The Edmund N. Ervin Pediatric Center provides a number of services for children who have experienced traumatic stress and also identifies children who have experienced traumatic stress. The pediatric center has a comprehensive assessment program called PREP, which provides medical, developmental, mental health, and educational evaluations for children as they enter home placements from the child welfare system. A child psychologist and a general pediatrician perform this function annually with approximately 200 children from six counties in Maine. If the children are still in care six to eight months later, the pediatrician revisits them to ensure that their needs have been addressed and to help with permanency planning. In the behavioral medicine and developmental evaluation clinics, children are evaluated for hyperactivity, aggressive behavior, developmental delay, and autism. Speech, PT, medical, psychology, and social work staff screen children and families for adverse childhood experiences and history of trauma. The pediatric center serves over 400 children per year in these programs and frequently identifies significant parental mental health needs and child traumatic stress, and staff enact interventions to help these families. The Center is currently associated with a CAC that operates in the same building and has achieved full certification. In the work to help develop the CAC, the pediatric center staff identified a need for evidence-based evidentiary medical exams, and a state child abuse pediatrician, who is on the CAC’s board, visits the office once a month to provide this service. Dr. Stephen Meister is the Chair of the state child death and serious injury review panel and works closely with the DHHS Office of Child and Family Services in an advocacy role. Furthermore, he works closely with both the national and Maine chapters of the AAP in this area.
Contact: 
Stephen Meister
Phone: 
(207) 872-4163

LSU Health Sciences Center, Louisiana Rural Trauma Services Center

Funding Period: 
[2008 - 2012 and 2003 - 2007]
Description: 
The Louisiana Rural Trauma Services Center (LRTSC) provides and enhances urgently needed crisis and mental health services for underserved children, adolescents, and families in rural Louisiana who have experienced traumatic stress as a result of disasters, community and family violence, accidents, loss of family members, and medical conditions. LRTSC works directly with rural hospitals and with school districts to conduct professional trainings that are developmentally sensitive and specific to aspects of crisis response. In schools, LRTSC professionals train staff to recognize the signs of trauma exposure, to differentiate children's responses to crisis situations, and to mitigate the impact of trauma. In 2004, at the request of the Louisiana 24th Judicial District, LRTSC expanded its mission to include work with trauma-exposed children and families who present in court. In the wake of Hurricane Katrina, LRTSC has been providing services to children and families evacuated from New Orleans and now residing in rural parishes. Community advisory boards comprising community stakeholders provide input to LRTSC and collaborative partners for the LRTSC including the Louisiana State Department of Education, the Office of Mental Health, and public and community hospitals. Refunded in 2008, LRTSC will provide and evaluate a continuum of care of trauma-focused trainings, interventions, and services for children and adolescents aged 3?{18, including children of military families, in schools in Orleans, St. Bernard, and Plaquemines parishes that were heavily impacted by Hurricane Katrina. Due to the extent of the devastation and the complexity of recovery, training and service models will be adapted, modified for cultural sensitivity, and implemented to meet needs at this time. LRTSC has a strong commitment to providing culturally competent, evidence-based services, collaborating with Network members in meeting the goals of the National Child Traumatic Stress Initiative. Services are offered within school and preschool settings with parent, student, and school support. LRTSC will work at consensus building with input from families, school and military personnel, community, service providers, and other stakeholders in modifying trauma-focused practices and services with sensitivity to cultural competence.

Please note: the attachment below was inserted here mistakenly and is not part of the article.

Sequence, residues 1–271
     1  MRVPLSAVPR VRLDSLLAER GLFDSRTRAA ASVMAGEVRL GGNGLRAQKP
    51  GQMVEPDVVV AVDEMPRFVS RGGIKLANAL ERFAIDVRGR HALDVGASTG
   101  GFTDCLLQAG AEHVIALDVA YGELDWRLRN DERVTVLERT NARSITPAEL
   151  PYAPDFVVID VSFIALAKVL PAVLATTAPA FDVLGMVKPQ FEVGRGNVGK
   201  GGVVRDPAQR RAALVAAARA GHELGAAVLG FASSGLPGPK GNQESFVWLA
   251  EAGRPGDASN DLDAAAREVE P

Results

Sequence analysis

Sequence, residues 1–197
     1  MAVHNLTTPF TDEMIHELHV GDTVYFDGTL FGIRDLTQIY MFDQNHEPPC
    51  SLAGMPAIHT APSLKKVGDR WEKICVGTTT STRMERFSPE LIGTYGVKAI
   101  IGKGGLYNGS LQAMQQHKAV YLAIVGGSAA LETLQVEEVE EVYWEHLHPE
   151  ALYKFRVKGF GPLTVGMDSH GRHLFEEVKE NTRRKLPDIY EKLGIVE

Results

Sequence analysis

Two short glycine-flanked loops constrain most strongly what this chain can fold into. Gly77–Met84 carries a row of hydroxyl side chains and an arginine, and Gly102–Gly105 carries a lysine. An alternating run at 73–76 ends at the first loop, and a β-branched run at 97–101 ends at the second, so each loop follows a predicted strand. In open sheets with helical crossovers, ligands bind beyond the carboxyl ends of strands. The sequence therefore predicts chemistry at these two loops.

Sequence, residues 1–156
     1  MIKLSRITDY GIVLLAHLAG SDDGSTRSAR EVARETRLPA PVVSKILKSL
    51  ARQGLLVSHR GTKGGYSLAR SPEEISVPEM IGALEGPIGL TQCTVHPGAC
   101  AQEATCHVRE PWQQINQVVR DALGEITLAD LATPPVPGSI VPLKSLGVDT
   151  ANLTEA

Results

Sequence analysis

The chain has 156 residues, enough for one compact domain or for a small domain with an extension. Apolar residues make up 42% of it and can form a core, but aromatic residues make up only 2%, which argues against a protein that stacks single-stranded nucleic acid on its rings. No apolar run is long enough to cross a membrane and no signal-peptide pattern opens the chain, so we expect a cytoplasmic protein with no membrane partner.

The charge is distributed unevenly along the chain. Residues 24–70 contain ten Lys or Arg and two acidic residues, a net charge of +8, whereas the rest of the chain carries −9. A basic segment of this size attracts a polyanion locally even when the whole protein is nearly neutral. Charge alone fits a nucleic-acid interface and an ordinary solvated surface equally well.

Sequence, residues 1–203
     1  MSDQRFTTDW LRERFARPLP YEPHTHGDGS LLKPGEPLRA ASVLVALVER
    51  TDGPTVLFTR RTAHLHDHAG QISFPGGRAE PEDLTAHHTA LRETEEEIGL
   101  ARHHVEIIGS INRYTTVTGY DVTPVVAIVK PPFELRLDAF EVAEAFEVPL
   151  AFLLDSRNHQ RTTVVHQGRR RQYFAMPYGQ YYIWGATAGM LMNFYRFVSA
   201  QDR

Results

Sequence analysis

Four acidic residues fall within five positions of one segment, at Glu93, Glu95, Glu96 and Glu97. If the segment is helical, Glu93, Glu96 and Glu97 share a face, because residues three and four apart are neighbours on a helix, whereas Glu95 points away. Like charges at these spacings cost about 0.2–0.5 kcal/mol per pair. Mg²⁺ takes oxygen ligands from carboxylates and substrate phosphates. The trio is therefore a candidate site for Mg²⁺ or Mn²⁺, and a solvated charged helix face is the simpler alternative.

Contact: 
Joy Osofsky
Phone: 
(504) 296-9011